How to grow radishes – A fast and easy crop

When it comes to vegetable gardening, there are so many different types of food to grow. The time needed to grow certain vegetables varies quite a bit. A good garden should have a mix of fast and slow-growing crops. This means that there is a regular occurrence of plants to be harvested throughout the growing season. When it comes to quick-growing vegetables, radishes are by far the most prolific. Whether you live in a warm or cold climate, radishes can have multiple sowings and harvests. This makes them an excellent crop to grow, especially for beginner gardeners. This guide will teach you how to grow radishes and help you have a successful radish crop this year.

How to grow radishes

Types of radishes

Like most plants, radishes have several varieties to choose from. Which type you grow will depend on your taste as well as your growing zone. They vary growing in size, shape, taste, and color. From the Daikon radish, which is well known and one of the largest varieties, to the Cherry Belle, which are small round and have a crisp flavor. We grow the Cherry Belle type as the seeds are readily available.

Planting radishes

Radishes are incredibly easy to plant. The seeds, often referred to as pods, come either loose in the package or as seed tape. Which way you choose is up to you. I personally find seed tape works best as I know the seeds are already evenly spaced. This also ensures I have clean, straight rows when I plant them. Also, the seeds are super small, which can make planting loose seeds difficult, especially if you want them evenly spaced. Each type will require a different planting depth and grow time, so be sure to pay attention to the planting instructions.

The soil should be fairly loose, to allow the radishes to easily grow and form their bulbous roots. You want to make sure the soil will retain good moisture, as radishes don’t like dry conditions. Radishes are quick to sprout, generally needing only 3-4 days from planting to sprout.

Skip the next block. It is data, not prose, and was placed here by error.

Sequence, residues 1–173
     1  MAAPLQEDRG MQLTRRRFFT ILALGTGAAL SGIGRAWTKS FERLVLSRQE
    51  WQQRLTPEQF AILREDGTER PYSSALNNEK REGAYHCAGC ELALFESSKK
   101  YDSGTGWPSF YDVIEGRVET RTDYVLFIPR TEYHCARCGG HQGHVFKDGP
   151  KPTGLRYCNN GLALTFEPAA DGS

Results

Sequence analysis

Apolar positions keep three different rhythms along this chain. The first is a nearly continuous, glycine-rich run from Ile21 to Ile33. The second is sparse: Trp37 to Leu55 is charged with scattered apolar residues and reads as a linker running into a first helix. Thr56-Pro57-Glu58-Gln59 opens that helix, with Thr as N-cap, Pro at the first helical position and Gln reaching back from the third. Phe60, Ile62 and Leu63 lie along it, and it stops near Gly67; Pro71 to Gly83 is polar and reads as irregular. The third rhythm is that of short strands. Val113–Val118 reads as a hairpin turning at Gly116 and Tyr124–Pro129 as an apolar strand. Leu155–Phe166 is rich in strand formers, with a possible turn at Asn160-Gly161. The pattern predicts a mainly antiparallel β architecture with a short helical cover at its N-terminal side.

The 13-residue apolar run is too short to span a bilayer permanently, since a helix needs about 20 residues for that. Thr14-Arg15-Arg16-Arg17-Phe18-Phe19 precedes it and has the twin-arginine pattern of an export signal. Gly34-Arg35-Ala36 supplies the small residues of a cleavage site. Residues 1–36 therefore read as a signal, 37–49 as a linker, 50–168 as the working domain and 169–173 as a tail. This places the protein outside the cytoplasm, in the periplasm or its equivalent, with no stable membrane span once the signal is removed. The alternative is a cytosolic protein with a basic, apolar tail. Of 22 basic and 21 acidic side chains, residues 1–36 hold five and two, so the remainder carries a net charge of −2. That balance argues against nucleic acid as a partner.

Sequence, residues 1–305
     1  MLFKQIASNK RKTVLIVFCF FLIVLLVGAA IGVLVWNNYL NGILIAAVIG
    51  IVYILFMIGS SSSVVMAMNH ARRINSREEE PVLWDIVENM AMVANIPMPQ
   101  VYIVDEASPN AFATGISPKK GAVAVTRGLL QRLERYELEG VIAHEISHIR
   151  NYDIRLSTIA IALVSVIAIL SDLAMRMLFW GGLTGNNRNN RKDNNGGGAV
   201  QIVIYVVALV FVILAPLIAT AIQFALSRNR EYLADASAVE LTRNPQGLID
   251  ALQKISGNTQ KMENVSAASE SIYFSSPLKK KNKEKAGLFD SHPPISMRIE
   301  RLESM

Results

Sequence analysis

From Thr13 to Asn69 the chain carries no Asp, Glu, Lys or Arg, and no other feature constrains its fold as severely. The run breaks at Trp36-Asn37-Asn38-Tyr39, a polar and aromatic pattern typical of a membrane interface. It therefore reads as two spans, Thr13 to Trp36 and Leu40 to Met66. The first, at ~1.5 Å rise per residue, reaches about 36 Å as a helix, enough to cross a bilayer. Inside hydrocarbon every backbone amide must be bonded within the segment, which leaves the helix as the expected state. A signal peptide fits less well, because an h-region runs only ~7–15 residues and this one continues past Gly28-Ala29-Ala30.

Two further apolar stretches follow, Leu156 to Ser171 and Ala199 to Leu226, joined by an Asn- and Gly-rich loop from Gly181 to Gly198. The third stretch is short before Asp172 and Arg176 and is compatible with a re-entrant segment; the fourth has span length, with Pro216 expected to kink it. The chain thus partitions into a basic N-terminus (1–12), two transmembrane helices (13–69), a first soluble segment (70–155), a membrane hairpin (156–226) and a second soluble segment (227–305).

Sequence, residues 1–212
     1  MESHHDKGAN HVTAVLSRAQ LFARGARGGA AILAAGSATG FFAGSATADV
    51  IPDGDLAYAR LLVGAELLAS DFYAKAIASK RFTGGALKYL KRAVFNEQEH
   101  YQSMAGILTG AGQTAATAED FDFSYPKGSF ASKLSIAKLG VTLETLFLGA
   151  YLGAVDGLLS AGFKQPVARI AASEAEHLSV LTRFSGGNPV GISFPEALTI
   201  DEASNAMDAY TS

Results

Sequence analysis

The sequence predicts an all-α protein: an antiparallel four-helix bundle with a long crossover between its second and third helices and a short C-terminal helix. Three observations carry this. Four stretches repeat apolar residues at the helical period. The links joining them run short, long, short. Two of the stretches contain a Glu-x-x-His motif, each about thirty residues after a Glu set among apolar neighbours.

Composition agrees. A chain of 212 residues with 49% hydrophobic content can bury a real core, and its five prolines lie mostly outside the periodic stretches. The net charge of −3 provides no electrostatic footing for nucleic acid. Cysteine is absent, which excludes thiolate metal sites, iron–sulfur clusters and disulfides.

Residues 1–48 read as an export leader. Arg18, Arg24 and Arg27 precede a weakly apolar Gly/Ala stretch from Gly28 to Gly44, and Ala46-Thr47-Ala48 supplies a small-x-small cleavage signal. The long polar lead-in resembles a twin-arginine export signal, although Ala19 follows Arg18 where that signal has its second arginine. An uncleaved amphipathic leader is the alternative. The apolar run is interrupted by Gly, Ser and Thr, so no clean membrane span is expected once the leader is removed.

Multiple sowings

Because radishes grow so quickly, it is easy to squeeze multiple sowings into a single growing season. Depending on how much you like radishes, you can plant a row every week or two, or you can wait until the first bunch is harvested before planting a second crop.

Just make sure to leave space in your garden if you do plan to do succession planting – where you plant them every week or two. Otherwise, you will need to wait until a row is harvested before planting more due to a lack of space.

Do you need to thin radishes?

Many root crops, like carrots, should be thinned as the plants grow. However, radishes seem to be the exception to this rule. Of course, it all depends on the variety that is being grown and the sowing method. With seed tape, the need to thin is reduced. Though if you hand sowed loose seeds, then you very well may need to thin them at least once to provide space for the radishes to properly grow. In the years I have been growing radishes, I have never had to thin them. If you find some are on the smaller side as they near harvest age, simply harvest some of the bigger ones around it and allow that radish some extra time to grow bigger.

Companion plant

Radishes make an excellent companion plant in the garden. Because of their pungent smell, they act as a great insect deterrent. Thus keeping pest insects, such as ants, aphids, and tomato hornworms away from other plants in your garden. Radishes grow well with peas, nasturtiums, lettuce, and some varieties of parsley. However, avoid placing it near plants from the hyssop or mint family.

Can you grow them in containers?

Yes! Radishes do well in most conditions. Be it containers, raised beds, or in-ground gardenings. No matter where you plant radishes they will thrive. The number one rule when growing in containers is to make sure that the container is big enough. You want it to be fairly wide to allow room for the radishes to grow in width without being crowded. Depending on what variety of radish you are growing you may need a fairly deep pot as well.

Harvesting radishes

After about three to four weeks, radishes are ready to harvest. The size of the radish will depend on the variety planted. However, if you wish your radishes to be a bit bigger before harvesting, then wait a few extra days. Just don’t wait too long. If radishes get too large, they often become woody. While still edible, they are less pleasant to eat this way. When harvesting, you can pick an entire row at once or pick a handful every day. This will depend on how quickly you want to harvest and eat them. If you have a radish loving family, then pick them all in one go. However, if you are like us, we only have one radish eater in the house. So, we pick a few each day until the row is gone.